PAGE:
Spaceflight Insider

Minotaur I rocket lofts classified NROL-111 payload into orbit

The Minotaur I rocket with the NROL-111 payload leaps off the pad at Wallops Island, Virginia. Credit: Steve Hammer / Spaceflight Insider

On the morning of June 15, 2021, a Minotaur I rocket fired off of Pad 0B at the Mid-Atlantic Regional Spaceport at Wallops Island, Virginia. The rocket lofted three classified payloads, designed, built and operated by the National Reconnaissance Office.

The launch of the classified NROL-111 payload, which took place at 9:35 a.m. EDT (13:35 UTC), was a collaborative effort between five organizations, including NRO, Space Force, Northrop Grumman, NASA Wallops and Virginia Space.

The payload fairing of the Minotaur I rocket sending the NROL-111 mission into orbit. Credit: Steve Hammer / Spaceflight Insider

The payload fairing of the Minotaur I rocket sending the NROL-111 mission into orbit. Credit: Steve Hammer / Spaceflight Insider

“NRO cannot do its job without our partners, launch is a team sport,” said Director of the Office of Space Launch for the NRO Col. Chad Davis.

Due to the nature of this launch no additional details were given, however Davis said the NROL-111 mission will, “deliver exquisite intelligence information from space that our war fighters and national decision makers need,” adding, “we’re really the eyes and ears for the defense of our nation.”

The NRO chose Northrop Grumman’s Minotaur I rocket for the NROL-111 mission. It is a four-stage solid fuel rocket integrating two recycled motors from decommissioned Minuteman Intercontinental Ballistic Missiles with two commercial Orion upper stage motors and utilizing state of the art hardware. It also has the larger 61-inch (1.54-meter) fairing. The 63-foot-tall (19.2-meter-tall) rocket has a payload capacity of up to 1,278 pounds (580 kilograms) and is part of the wider Minotaur family of rockets, all built and operated by Northrop Grumman.

The program is in its 21st year. The fact that Northrop Grumman is able to reuse decommissioned, taxpayer-funded assets provides a real economic value and as Senior Northrop Grumman Engineer Kelly Fitzpatrick said, “To me it is actually one of the coolest things about our Minotaur rocket. I always say we’re recycling rocket motors.”

The Minotaur I rocket soars skyward. Credit: Theresa Cross / Spaceflight Insider

The Minotaur I rocket soars skyward. Credit: Theresa Cross / Spaceflight Insider

Adding to the decision, the rocket has proven to be both a reliable and capable space launch vehicle with a 100% success rate. On a larger scale because these rockets do not require a fueling farm, they can be launched from any of the four U.S. spaceports.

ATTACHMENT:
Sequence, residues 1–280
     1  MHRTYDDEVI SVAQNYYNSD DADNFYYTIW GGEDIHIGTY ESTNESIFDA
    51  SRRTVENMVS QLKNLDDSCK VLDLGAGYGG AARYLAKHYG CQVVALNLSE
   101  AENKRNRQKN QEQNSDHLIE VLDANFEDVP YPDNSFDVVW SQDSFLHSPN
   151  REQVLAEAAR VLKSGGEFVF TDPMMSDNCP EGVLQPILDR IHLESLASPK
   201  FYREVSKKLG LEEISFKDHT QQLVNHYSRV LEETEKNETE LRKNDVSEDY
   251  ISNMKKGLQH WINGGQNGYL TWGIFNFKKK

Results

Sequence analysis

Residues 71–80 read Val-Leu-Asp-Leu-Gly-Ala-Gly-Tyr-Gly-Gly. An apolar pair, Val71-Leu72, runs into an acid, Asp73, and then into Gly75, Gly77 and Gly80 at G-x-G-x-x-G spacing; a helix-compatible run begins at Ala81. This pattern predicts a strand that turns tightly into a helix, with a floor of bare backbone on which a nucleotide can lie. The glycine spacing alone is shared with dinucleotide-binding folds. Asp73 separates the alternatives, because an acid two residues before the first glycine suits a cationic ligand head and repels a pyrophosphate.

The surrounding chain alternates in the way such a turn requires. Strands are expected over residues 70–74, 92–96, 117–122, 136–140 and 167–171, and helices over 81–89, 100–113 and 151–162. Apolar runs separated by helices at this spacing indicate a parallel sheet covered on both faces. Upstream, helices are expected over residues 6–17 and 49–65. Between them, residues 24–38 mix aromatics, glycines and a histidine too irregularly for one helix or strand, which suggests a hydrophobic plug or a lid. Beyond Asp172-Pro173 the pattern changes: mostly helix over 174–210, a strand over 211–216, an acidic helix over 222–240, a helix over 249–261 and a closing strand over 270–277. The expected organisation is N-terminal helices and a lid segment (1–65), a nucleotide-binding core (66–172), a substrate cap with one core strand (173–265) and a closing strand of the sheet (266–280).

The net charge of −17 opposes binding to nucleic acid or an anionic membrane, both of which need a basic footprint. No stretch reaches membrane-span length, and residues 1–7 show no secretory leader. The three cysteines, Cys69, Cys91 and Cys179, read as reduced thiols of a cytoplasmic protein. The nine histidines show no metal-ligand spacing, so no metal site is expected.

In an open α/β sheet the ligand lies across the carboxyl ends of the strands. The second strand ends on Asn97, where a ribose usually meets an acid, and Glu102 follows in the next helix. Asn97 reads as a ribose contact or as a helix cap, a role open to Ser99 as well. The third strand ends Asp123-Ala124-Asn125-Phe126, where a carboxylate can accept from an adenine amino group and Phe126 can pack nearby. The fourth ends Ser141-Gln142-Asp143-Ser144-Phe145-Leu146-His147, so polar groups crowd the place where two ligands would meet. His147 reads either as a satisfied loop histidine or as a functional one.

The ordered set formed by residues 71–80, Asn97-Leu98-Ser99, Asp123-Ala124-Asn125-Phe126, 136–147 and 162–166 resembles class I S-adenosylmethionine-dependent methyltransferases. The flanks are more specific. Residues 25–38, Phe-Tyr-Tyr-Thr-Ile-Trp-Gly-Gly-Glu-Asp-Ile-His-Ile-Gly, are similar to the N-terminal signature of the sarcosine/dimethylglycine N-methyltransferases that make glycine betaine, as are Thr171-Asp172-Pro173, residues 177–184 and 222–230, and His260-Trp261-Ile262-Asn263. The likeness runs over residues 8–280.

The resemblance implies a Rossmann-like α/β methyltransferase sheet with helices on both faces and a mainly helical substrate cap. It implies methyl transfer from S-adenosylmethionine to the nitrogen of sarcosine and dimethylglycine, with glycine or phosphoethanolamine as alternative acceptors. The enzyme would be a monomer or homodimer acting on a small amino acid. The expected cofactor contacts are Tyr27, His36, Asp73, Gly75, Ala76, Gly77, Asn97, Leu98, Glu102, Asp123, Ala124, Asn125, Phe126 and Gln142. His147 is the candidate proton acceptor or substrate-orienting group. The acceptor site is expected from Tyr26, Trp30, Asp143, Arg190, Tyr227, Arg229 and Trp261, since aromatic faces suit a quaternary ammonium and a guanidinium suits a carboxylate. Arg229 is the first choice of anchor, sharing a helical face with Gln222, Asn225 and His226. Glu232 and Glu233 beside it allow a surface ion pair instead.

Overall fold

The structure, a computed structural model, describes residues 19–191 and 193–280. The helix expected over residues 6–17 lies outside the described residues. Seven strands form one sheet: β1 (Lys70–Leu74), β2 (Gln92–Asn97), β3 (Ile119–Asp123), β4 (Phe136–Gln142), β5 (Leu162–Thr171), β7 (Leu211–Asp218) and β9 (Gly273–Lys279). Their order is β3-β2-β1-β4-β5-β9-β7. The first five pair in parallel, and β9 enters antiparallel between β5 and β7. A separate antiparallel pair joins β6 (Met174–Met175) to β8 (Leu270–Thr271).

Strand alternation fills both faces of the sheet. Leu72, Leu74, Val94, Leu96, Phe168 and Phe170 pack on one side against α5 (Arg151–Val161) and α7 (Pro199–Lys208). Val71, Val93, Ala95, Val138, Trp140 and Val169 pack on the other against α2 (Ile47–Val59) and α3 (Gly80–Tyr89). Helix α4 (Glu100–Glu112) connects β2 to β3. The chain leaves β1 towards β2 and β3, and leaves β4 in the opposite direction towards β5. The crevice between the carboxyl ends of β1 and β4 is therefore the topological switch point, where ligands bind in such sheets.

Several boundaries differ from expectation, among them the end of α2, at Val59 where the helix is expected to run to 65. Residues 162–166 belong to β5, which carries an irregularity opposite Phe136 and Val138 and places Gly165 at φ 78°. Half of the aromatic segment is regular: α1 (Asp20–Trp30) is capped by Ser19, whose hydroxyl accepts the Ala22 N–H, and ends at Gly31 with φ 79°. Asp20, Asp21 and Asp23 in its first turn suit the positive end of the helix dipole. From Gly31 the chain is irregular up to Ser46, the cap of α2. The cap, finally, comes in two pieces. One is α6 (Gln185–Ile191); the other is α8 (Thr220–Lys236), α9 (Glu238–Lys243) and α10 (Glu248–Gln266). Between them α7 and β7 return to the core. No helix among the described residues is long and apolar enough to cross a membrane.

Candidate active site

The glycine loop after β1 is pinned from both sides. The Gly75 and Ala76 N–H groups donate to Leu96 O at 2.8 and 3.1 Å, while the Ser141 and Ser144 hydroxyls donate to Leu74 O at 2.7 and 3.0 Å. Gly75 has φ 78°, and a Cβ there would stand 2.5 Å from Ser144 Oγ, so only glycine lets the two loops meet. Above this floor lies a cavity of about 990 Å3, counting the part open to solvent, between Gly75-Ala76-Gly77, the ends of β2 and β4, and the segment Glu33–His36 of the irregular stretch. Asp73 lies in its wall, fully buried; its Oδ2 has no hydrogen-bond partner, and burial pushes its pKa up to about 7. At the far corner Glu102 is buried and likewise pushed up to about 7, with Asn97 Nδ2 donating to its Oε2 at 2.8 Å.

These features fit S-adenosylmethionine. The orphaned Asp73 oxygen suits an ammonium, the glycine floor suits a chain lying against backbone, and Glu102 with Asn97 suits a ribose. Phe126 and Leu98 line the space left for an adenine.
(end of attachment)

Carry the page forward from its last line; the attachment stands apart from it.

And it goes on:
The National Reconnaissance Office is an Intelligence Community element and Department of Defense organization responsible for developing, acquiring, launching and operating America’s reconnaissance satellites, as well as operating associated data processing facilities in support of national security. They produce intelligence products for the president, Congress, national policymakers, warfighters and civil users.

Today’s launch utilized NASA downrange tracking in the Outer Banks of North Carolina, Bermuda and Ascension Island. The spaceport is located on the northern portion of Virginia’s Eastern Shore on Wallops Island.

The complex consists of three launch pads. Antares rockets, which are used to resupply the International Space Station as a part of NASA’s Commercial Resupply Services program, utilize Pad 0A, while Pad 0B is used for the Minotaur family of launch vehicles.

A new Launch Complex-2 was recently built to support Rocket Lab’s Electron satellite launch vehicle, expanding the island’s history as a flight facility with over 16,000 rockets having been launched since 1945.

Video courtesy of NASA Wallops


Steve moved to central Virginia from the Atlanta suburbs. He studied U.S. history, geography and social sciences at Virginia Tech and began teaching in the public school system in Southampton County, in Virginia’s Tidewater region. While there, he developed a passion for photography focusing on transportation and anything historic. With encouragement from family and friends, he moved backed to central Virginia where he currently lives and works as a computer science teacher. In his spare time, Steve enjoys spending time with his family and exploring the beautiful Virginia county side with his camera.

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